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NREL Expands Its Report on Solar Installation Soft Costs: Press Release

Posted on the 05 December 2013 by Derick Ajumni
NREL Expands Its Report on Solar Installation Soft Costs: Press Release
The United States Energy Department's National Renewable Energy Laboratory (NREL) has concluded a second detailed report on solar financing and other non-hardware costs also called "soft costs" involved in solar installations. They conclude that “soft costs” total 64% of the full price of residential solar energy systems.
This report goes further to explain how soft costs have become a major part of the upfront solar installation costs.
NREL Press Release Reads:
This report presents results from the second U.S. Department of Energy (DOE) sponsored, bottom-up data-collection and analysis of non-hardware balance-of-system costs—often referred to as “business process” or “soft” costs—for U.S. residential and commercial photovoltaic (PV) systems. Annual expenditure and labor-hour-productivity data are analyzed to benchmark 2012 soft costs related to (1) customer acquisition and system design and (2) permitting, inspection, and interconnection (PII). We also include an in-depth analysis of costs related to financing, overhead, and profit.
The second annual survey of U.S. PV installers was deployed from September 2012 to May 2013, focusing on customer acquisition and PII costs for the study period of January 1 to June 30, 2012. We gathered data from 55 residential PV installers, representing 4,260 residential installations and approximately 27 MW of residential capacity installed during the first half of 2012. We cleaned the data for outliers, yielding sample sizes ranging by cost category from 47 to 53. We also gathered data from 22 commercial PV installers, representing 269 commercial PV installations during the 6-month study period for a total of 66 MW of capacity.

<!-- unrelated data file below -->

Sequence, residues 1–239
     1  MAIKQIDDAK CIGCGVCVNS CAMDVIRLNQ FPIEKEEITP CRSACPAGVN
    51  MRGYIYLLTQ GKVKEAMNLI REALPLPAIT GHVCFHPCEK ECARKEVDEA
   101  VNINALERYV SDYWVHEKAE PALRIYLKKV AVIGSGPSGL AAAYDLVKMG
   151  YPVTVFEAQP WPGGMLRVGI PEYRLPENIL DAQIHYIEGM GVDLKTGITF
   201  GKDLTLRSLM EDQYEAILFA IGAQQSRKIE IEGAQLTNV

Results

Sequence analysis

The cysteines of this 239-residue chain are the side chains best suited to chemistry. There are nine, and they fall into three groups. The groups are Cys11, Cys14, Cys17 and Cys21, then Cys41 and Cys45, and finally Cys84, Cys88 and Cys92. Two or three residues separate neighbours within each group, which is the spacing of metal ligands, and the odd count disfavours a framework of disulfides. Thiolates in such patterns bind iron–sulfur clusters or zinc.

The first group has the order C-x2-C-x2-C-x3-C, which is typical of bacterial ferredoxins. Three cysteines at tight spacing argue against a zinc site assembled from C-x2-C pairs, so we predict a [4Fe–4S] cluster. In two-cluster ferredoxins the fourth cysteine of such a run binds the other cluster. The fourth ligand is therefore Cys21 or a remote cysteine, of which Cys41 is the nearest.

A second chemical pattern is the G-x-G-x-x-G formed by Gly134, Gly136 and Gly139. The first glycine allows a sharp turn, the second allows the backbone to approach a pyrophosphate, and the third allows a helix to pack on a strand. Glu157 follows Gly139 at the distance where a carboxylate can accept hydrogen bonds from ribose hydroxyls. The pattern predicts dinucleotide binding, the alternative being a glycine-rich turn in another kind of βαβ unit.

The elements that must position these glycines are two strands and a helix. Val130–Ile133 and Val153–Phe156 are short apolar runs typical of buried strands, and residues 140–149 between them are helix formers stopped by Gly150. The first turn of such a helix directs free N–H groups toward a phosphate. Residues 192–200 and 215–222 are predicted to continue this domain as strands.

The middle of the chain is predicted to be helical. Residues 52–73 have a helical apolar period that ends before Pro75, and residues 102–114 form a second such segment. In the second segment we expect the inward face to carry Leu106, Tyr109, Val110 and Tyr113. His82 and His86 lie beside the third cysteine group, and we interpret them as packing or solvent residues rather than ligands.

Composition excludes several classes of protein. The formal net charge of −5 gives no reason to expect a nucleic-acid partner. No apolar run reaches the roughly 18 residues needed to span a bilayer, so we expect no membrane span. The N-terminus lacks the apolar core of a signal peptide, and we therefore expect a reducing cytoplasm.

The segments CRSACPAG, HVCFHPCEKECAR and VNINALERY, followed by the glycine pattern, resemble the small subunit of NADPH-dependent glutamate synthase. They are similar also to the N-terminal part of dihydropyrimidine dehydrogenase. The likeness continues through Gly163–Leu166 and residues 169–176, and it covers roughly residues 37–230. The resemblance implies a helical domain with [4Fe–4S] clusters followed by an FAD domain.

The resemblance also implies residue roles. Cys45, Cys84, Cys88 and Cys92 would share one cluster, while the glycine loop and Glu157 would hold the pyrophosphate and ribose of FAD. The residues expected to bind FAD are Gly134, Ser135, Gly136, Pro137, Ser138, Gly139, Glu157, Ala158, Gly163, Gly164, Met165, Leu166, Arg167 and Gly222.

According to our analysis, the soft costs accounted for a significant portion of total installed PV system prices in the first half of 2012: 64% of the total residential system price, 57% of the small (less than 250 kW) commercial system price, and 52% of the large (250 kW or larger) commercial system price.
In contrast to the first edition of this report, in this second edition we have unpacked the “other soft cost” category using a detailed “bottom-up” cost-accounting framework into five categories: transaction costs, indirect corporate costs, installer/developer profit, supply chain costs, and sales tax. Specifically, we model a third-party ownership structure, capturing the costs of doing business that have not been previously quantified, such as engineering, procurement, and construction (EPC), developer and finance department staff and overhead, professional/legal services, capital costs during construction, and other costs that may not be attributable to specific PV projects.

NREL is the U.S. Department of Energy's primary national laboratory for renewable energy and energy efficiency research and development. NREL is operated for the Energy Department by the Alliance for Sustainable Energy, LLC.
Report + Press Release

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